Friday 22 January 2021 6:26 pm

Retail therapy: How has the Covid-19 pandemic changed the way we shop?

Last year was definitely a year like no other, with large parts of the economy shut down for months and people ordered to only leave home for essential tasks or exercise. 

The unprecedented nature of 2020 had a knock on effect on our spending habits as Brits were forced to swap their normal office hours and evenings in the pub to juggling remote working with home life and socialising over Zoom. 

Read more: Topshop set for discount sale price after Next pulls out of race, analysts say

The changes were reflected in where people chose to spend their hard-earned cash in 2020, with local shops, fitness platforms and recipe boxes feeling the benefit of a year in the coronavirus pandemic.

These were the key changes in consumer behaviour last year.

Supporting local shops

Fear Of Further Economic Downturn As Likelihood Of National Lockdown Increases
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Local, independent shops benefited from more people working and socialising at home during the pandemic.

Research by Aviva showed 33 per cent of people shopped more at local stores, while a fifth bought more items from charity shops, as Brits explored their neighbourhoods.

The report published today reflects changing shopping habits, which have had a dramatic impact on fashion retailers.

Read more: How many Covid-19 infections are there in your London borough?

Dresses out, trackies in

The focus on independent, local shopping came at the detriment of high streets in major cities. The plight of chain retailers has been well publicised following the high profile collapse of brands such as Arcadia and Debenhams.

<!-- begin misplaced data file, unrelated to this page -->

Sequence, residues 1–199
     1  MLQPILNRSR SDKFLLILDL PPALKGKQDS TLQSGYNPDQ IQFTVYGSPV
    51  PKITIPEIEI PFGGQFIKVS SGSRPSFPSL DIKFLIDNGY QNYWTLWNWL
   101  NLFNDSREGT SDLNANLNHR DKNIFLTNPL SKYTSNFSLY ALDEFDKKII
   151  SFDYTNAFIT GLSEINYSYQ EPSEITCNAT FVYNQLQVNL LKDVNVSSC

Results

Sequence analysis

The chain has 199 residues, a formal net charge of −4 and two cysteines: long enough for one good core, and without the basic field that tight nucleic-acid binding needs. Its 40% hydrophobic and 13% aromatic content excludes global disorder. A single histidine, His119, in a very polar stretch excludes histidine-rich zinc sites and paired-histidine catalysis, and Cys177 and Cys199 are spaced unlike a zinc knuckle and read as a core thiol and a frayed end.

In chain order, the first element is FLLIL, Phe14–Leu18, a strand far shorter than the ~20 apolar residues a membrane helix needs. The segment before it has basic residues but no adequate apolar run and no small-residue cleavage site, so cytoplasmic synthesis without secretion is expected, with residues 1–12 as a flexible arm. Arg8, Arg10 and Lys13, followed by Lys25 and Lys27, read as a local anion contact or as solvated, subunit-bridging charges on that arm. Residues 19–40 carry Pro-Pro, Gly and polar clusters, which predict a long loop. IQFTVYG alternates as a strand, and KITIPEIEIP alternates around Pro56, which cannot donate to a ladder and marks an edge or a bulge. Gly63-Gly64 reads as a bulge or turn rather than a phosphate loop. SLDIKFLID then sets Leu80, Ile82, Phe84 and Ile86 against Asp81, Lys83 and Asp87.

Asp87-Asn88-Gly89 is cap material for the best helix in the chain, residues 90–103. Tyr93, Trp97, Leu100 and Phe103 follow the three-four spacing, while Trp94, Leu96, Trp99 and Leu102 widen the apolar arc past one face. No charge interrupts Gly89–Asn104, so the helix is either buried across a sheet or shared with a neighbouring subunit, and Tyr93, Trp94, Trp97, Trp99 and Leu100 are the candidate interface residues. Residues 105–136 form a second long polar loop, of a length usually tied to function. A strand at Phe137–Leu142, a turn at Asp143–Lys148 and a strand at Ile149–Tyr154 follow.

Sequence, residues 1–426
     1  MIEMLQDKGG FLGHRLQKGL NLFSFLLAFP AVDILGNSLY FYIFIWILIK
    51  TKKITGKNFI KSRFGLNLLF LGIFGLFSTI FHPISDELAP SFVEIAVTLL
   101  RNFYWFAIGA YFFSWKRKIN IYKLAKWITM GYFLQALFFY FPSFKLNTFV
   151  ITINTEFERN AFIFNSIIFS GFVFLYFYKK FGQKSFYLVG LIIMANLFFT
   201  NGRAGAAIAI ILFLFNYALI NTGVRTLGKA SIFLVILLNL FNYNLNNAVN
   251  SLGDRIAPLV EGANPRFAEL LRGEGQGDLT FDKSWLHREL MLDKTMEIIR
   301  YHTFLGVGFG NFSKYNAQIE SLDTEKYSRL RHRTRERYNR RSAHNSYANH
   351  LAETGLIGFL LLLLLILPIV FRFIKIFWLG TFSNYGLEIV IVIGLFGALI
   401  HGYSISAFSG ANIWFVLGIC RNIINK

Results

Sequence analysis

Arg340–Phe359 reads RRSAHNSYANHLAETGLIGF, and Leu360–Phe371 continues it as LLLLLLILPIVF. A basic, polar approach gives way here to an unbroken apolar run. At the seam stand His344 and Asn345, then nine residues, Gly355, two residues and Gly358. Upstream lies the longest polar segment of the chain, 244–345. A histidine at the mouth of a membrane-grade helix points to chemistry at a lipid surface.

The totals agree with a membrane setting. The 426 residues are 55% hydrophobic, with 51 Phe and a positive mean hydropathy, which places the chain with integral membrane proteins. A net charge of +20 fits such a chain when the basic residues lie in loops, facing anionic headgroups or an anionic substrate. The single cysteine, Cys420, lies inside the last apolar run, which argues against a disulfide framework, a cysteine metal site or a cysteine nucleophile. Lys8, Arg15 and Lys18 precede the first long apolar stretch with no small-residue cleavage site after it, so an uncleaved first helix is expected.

Almost a third of households bought fewer clothes and shoes, while 29 per cent bought more casual clothes rather than formal wear.

Meanwhile, a quarter said they had bought or used fewer personal grooming products such as make-up and hair products, proving not everyone is getting glammed up for Zoom work meetings.

Read more: MPs urge Boris Johnson to appoint hospitality minister to help pubs and restaurants recover

Crazy for contactless

A huge nine out of 10 card transactions were contactless last year, according to separate research by Barclaycard.

Many shops, pubs and cafes went “contactless only” during the year due to fears over the spread of coronavirus.

The total value of all contactless transactions grew seven per cent in 2020 despite shops being closed during lockdowns and the rise of online shopping.

The average value of payments boomed 29 per cent following the introduction of the £45 spend limit.

Home fitness frenzy

Gym Goes Virtual to Adapt to Coronavirus Pandemic
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Home workouts were a key trend in 2020, with many consumers putting getting fit at the top of their agenda during lockdown.

Gyms were closed for several months, prompting one in 10 Brits to sign up to online fitness classes or subscription services last year in a bid to keep fit at home.

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Research published last year by John Lewis showed athleisure and workout equipment sales soars, with sales of fitness trackers and smart watches up 64 per cent compared to 2019.

One in six cancelled their gym memberships during the year, and a further 16 per cent are considering doing so in the near future – showing at-home fitness could be a trend that’s here to stay.

Food box boom

Meal Delivery Service Blue Apron To Go Public On NYSE
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With the closure of restaurants and cafes and the elimination of the daily commute, many people found themselves with more time to spend in the kitchen last year – proven by the banana bread boom of the first lockdown. 

Aviva’s research showed 10 per cent of UK adults signed up to a food box subscription service during 2020. 

Read more: MPs urge Boris Johnson to appoint hospitality minister to help pubs and restaurants recover

Recipe box firm Gousto, which is backed by the nation’s PE teacher Joe Wicks, even became the UK’s latest tech “unicorn” after raising £25m in a new funding round in November.

Meanwhile, other households used the extra hours to get into the garden, with 24 per cent of people saying they dabbled in growing their own food.